Landrum B. Shettles, M.D., Ph.D.
and David M. Rorvik
It seems that humans, almost from their first days on this planet, have been interested in influencing the gender of their offspring. The reasons for this are myriad. There was a long tradition of wanting sons to help in hunting, gathering and on the battlefield. In male-dominated societies there was an inevitable bias toward favoring sons, to perpetuate the paternal lineage. Women—even Queens—were sometimes cast out or killed for “failing” to produce sons. It was literally unthinkable that the man might be responsible for this “failure.” Even in more recent times, in agricultural based societies, male offspring were heavily favored “to work the farm.”
In view of this, it is hardly surprising that even the most primitive societies devoted considerable effort to “selecting” the gender of offspring. So did somewhat more sophisticated societies, such as the ancient Greeks, who considered themselves far more scientific than most of their predecessors. Some of their savants believed that there was a “right womb” and a “left womb” and that if semen flowed into the right womb a male child would result and, conversely, if semen flowed into the left womb a girl would be the result. So, after intercourse, women were advised to recline on their left sides or their right sides in an effort to influence the outcome. When things still didn’t work out, the women were no doubt blamed for not turning soon enough or shifting position at the wrong moment.
Some of the Greeks were ahead of their time in concluding that the male partner actually determined the outcome, and this school put emphasis on male “vigor.” The more “vigor” the more likely the outcome would be a male child. And vigor, they argued, could be abetted by such things as weather conditions. Strong north winds, for example, were said to be an opportune time to copulate if a couple desired a male child, and during a south wind if they wanted a female child. Couples were soon thrashing about right and left, north and south.
There was no improvement in the Middle Ages, when would-be sex selectors were advised to have sex under full moons, after imbibing lion’s blood, or what the local alchemist claimed was lion’s blood, and while chanting various ditties designed, again, to favor male offspring. Coming closer to modern times, various “authorities” suggested that women don male clothing during sex if seeking sons, throwing axes and other male-associated tools and implements into the marital bed and so on. Some argued that it could all be resolved through “mind over matter.” Think boy, beget boy. Think girl, beget girl. Several doctors wrote books incorporating this idea, some going so far as to suggest that if you weren’t careful about what you were thinking during attempts at procreative sex that you might give birth not only to the “wrong” gender but might also produce mentally deficient or criminal offspring! Men didn’t entirely escape scrutiny in these efforts, either. They were frequently advised to become more “manly” in their appearance, thoughts and habits if they wanted sons. And strong, “domineering” wives were certainly to be discouraged by men, unless they wanted to be surrounded by daughters.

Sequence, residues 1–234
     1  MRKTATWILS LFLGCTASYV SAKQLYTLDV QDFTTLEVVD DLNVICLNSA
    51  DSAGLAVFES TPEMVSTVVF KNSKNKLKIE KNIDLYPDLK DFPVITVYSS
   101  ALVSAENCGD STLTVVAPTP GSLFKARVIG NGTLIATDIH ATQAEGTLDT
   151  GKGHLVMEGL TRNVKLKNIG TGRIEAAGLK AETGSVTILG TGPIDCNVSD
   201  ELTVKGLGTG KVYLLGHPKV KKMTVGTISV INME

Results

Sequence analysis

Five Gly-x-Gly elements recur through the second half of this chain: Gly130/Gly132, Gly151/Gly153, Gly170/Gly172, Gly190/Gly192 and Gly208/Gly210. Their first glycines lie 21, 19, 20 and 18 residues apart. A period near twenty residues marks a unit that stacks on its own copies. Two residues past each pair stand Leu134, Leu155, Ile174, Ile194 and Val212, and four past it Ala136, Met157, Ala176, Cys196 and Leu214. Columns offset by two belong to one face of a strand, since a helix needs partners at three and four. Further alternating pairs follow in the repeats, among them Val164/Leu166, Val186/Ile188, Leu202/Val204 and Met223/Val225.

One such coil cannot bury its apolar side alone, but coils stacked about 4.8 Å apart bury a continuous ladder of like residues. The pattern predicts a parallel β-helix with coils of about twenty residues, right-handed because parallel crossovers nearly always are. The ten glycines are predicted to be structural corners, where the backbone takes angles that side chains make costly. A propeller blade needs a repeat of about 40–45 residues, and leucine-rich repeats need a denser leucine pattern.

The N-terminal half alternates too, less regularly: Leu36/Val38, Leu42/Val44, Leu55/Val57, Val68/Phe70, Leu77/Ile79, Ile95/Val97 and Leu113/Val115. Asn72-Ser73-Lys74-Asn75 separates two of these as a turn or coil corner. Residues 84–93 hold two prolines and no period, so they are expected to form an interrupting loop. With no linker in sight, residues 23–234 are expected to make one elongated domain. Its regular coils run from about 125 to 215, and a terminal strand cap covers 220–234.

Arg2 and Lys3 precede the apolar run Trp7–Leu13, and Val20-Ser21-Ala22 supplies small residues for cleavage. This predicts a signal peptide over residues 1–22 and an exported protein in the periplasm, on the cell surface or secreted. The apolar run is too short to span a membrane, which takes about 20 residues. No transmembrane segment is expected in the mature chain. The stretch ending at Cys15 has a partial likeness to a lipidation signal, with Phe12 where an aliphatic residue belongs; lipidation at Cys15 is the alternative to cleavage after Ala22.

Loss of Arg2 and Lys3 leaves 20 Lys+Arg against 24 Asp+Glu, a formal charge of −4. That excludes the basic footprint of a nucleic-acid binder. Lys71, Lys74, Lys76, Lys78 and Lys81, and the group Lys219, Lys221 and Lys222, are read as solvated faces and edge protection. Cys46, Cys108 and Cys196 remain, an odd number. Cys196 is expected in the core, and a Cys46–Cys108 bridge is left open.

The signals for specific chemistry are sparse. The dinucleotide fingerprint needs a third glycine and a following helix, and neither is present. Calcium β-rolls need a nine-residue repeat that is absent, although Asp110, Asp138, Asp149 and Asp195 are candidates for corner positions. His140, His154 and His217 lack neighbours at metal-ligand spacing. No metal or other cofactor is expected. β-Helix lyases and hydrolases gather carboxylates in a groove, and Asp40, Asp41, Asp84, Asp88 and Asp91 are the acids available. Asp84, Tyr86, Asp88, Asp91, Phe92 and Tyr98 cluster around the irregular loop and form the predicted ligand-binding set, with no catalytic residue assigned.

A prominent 20th Century physician harkened back to the Greek theory, with a new twist. His studies led him to believe that a woman’s right ovary produced eggs that were destined to create boys and that eggs from the left ovary would create girls. Moreover, he believed that the ovaries alternated in activity from month to month. So couples were counseled on how to determine “little boy months” and “little girl months.” A book purporting to explain how to determine which months were which became quite popular. It wasn’t until well into the 20th century that reproductive scientists began more rational studies of sperm and egg cells and discovered the chromosomal determinants of gender. Dr. Shettles was among the leaders in this emerging field, and the technique for modern-day sex selection that is described in this book, now widely known as “the Shettles Method”, was devised. Its success is attested to by its enduring use by countless thousands of couples worldwide over a span of five decades.
In the 1960s in the United States Landrum B. Shettles developed the Shettles method, which is a procedure for couples to use prior to and during an intercourse to increase their chances of conceiving a fetus of their desired sex. Shettles, a physician, who specialized in obstetrics and gynecology, found a difference in the size and shape of male sperm cells that he correlated with the different sex chromosomes they carry. Based on that finding, Shettles developed procedures for couples to follow based on whether they desire a female or a male fetus and published them in the 1970 book, Your Baby’s Sex: Now You Can Choose. The Shettles method is based on the idea that male-producing sperm prefer alkaline conditions, whereas female-producing sperm prefer acidic conditions. The Shettles method provides couples with a procedure intended to enhance the favored environment for the sperm that will supposedly produce the desired sex, including female douches to be used before intercourse and how to time sexual intercourse within the female menstrual cycle. The book How To Choose The Sex Of Your Baby, made the Shettles method a widely popular method of natural sex selection.